By Paul Adams
BBC News, Huntsville, Texas
The scene outside the Huntsville unit of the Texas state penitentiary last Wednesday evening was a familiar one.
Police officers stood casually outside the imposing red-brick walls as a small group of passionate opponents of the death penalty railed against a punishment they say has no place in modern America.
Inside, a death row inmate, Hank Skinner, was due to be executed by lethal injection.
On 24 March, Hank Skinner was given a last-minute stay of execution
But with half an hour to go, word emerged that the Supreme Court in Washington had issued a last-minute stay of execution.
Skinner, convicted of the 1993 killing of his girlfriend and her two adult sons in Pampa, has always protested his innocence.
His French wife, Sandrine, expressed relief, but spoke of her anger at a process that could still result in her husband's execution.
"This system has got to stop," she told the BBC. "We are not going to stop until it's over."
The death chamber at Huntsville, which carries out all Texas death penalties, is still the busiest in the nation. Twenty-four prisoners were executed last year.
But across Texas, there has been a steep decline in the number of new death sentences handed down. There were just nine last year. In the late 1990s, as many as 48 people a year were sent to death row.
The statistics have led some campaigners to hope that the death penalty may itself be on death row.
To the south of Huntsville, Harris County, which includes the sprawling metropolis of Houston, used to be known as the nation's death penalty capital.
But after sending about a dozen murderers to death row each year for a decade, it has been two years since it sent a single one.
The county's district attorney, Pat Lycos, rejects the notion that Houston has become a death penalty-free zone.
Skinner has asked for DNA tests to prove his innocence
In an office adorned with photos of Margaret Thatcher, Barry Goldwater and John Wayne, she admits that some things are different.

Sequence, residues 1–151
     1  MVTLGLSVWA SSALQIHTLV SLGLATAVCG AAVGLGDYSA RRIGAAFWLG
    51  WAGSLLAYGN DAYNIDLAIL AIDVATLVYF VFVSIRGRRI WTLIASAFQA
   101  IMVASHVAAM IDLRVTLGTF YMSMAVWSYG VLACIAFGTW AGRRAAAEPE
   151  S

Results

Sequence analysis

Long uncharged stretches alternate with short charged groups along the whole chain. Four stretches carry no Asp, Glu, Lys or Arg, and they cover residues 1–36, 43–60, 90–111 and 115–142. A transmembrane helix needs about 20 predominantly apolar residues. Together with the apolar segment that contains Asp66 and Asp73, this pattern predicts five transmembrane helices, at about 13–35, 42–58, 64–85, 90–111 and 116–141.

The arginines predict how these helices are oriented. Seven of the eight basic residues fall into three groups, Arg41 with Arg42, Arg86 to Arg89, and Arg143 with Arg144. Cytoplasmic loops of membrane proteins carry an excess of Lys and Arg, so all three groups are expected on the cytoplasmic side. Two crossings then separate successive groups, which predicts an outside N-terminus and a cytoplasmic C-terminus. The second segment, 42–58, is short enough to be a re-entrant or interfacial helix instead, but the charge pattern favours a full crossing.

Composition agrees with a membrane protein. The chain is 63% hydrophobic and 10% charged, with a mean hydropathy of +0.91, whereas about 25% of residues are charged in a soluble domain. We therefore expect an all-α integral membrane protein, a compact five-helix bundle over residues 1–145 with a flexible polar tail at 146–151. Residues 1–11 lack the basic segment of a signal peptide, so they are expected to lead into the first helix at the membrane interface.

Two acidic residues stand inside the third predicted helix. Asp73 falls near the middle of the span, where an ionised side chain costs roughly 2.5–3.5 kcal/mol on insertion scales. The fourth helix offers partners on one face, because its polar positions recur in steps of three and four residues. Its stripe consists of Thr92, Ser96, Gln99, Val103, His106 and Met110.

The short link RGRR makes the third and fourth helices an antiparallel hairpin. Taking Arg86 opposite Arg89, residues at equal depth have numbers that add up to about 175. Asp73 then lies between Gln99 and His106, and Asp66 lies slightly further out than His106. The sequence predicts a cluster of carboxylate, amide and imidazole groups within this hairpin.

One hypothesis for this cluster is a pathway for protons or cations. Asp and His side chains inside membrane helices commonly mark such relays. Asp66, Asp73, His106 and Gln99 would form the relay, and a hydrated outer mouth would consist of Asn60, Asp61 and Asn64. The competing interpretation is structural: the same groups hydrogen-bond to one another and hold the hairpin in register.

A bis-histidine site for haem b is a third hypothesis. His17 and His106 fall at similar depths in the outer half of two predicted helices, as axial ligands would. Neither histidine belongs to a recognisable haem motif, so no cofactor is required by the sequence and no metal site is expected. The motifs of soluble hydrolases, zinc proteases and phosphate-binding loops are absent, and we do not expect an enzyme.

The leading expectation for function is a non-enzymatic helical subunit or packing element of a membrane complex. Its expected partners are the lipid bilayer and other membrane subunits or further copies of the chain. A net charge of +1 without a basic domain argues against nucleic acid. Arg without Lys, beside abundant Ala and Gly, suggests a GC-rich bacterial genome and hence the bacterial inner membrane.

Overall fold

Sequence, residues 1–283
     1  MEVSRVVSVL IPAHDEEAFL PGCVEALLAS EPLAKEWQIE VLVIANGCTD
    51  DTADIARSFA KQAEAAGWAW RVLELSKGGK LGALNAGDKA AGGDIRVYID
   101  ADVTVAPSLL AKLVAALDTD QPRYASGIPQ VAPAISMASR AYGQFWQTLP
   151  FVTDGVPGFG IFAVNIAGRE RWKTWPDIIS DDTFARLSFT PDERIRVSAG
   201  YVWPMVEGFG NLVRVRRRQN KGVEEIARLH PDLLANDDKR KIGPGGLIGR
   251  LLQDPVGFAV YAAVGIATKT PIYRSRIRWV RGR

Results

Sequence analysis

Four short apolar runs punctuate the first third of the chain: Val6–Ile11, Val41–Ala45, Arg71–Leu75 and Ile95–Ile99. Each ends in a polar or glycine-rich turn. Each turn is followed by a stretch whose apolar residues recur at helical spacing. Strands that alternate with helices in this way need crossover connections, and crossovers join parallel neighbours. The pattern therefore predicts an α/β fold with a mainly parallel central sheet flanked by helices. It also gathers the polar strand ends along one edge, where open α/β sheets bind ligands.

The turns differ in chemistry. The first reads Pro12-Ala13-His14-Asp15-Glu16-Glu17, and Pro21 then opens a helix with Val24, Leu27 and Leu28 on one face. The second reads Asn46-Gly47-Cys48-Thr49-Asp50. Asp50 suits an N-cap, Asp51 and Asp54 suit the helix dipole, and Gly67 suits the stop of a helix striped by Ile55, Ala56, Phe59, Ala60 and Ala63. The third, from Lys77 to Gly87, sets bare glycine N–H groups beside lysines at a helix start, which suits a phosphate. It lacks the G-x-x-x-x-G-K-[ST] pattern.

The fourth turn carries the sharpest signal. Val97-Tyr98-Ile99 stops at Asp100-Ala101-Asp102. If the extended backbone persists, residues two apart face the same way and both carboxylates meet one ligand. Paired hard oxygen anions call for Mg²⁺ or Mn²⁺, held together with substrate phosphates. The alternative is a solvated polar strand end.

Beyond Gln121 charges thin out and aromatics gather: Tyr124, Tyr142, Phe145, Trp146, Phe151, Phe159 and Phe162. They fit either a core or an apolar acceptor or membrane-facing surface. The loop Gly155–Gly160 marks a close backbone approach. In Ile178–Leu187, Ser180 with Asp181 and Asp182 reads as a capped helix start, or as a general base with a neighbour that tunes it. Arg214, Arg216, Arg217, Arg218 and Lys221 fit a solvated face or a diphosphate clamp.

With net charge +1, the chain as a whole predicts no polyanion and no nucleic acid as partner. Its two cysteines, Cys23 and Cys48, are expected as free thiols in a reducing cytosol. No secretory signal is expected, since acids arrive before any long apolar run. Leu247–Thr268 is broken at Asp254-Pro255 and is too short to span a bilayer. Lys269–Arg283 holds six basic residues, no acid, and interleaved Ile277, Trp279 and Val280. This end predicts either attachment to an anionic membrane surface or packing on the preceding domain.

"What has changed is the availability of life without parole," she says, highlighting a law that came into effect in 2005. Before this, the system offered two options for capital crimes: the death penalty and life in prison with the possibility of parole after 40 years.
But there are other factors at work here too. Take cost.
In the countryside west of Houston sits quiet, rural Austin County. Its district attorney, Travis Koehn, is busy enough at the best of times.
But Austin County saw two gruesome murders in four months last year. Mr Koehn and his small team have two hugely expensive capital murder cases to prosecute. Seeking the death penalty is the costliest option. The impact on the community could be huge.
"This is just like if a hurricane or tornado came through our community or if a 747 crashed outside our town," he says.
Koehn says the current economic crisis will not dictate how he pursues the two cases, but he has yet to decide whether to seek the death penalty.
"We're still going as best we can. We're seeking justice and we're going to do that with what we have."
As he weighs up the pros and cons, he could do worse than heed the words of one former county judge.
"We're all looking at things more closely than we did 40 years ago," says Gene Terry, executive director of the Texas Association of Counties.
Mr Terry says lawyers are better trained and juries harder to please. He puts some of this down to what he calls "the CSI effect", by which jurors make unfavourable comparisons between what they see in the courtroom and the sort of forensics they watch on popular TV shows.
The dramatised version may be highly unrealistic, but "it makes juries more demanding", Mr Terry says.
Better training. Smarter juries. Life without parole. And economic difficulties. But is there perhaps one more reason why the death penalty is on the wane?
Texas itself is changing. Its huge and growing Latino population opposes the death penalty on religious grounds. Americans of all stripes have moved here from other parts of the country too.
In this less homogenous environment, the old certainties are being more widely questioned.
But old habits die hard in Texas and the death penalty will not be disappearing any time soon. Back in a cafe in rural Bellville, Harley Thomason puts me straight.
"It's a zero-tolerance state," he says. "They'll just kill you in the state of Texas if you mess up."